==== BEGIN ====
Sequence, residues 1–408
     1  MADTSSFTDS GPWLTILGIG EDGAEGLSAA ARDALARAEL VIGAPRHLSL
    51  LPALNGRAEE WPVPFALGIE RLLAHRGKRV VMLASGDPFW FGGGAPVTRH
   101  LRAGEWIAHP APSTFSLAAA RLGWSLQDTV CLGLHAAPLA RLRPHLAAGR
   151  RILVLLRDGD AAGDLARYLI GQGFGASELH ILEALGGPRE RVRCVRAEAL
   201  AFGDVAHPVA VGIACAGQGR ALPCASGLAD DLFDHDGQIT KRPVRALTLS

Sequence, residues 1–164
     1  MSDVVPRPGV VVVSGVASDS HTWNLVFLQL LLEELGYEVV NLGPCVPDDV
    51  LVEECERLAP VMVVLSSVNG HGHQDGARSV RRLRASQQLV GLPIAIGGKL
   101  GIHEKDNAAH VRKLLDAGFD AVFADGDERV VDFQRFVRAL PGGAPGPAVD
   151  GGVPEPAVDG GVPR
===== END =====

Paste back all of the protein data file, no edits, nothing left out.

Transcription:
Sequence, residues 1–408
     1  MADTSSFTDS GPWLTILGIG EDGAEGLSAA ARDALARAEL VIGAPRHLSL
    51  LPALNGRAEE WPVPFALGIE RLLAHRGKRV VMLASGDPFW FGGGAPVTRH
   101  LRAGEWIAHP APSTFSLAAA RLGWSLQDTV CLGLHAAPLA RLRPHLAAGR
   151  RILVLLRDGD AAGDLARYLI GQGFGASELH ILEALGGPRE RVRCVRAEAL
   201  AFGDVAHPVA VGIACAGQGR ALPCASGLAD DLFDHDGQIT KRPVRALTLS

Sequence, residues 1–164
     1  MSDVVPRPGV VVVSGVASDS HTWNLVFLQL LLEELGYEVV NLGPCVPDDV
    51  LVEECERLAP VMVVLSSVNG HGHQDGARSV RRLRASQQLV GLPIAIGGKL
   101  GIHEKDNAAH VRKLLDAGFD AVFADGDERV VDFQRFVRAL PGGAPGPAVD
   151  GGVPEPAVDG GVPR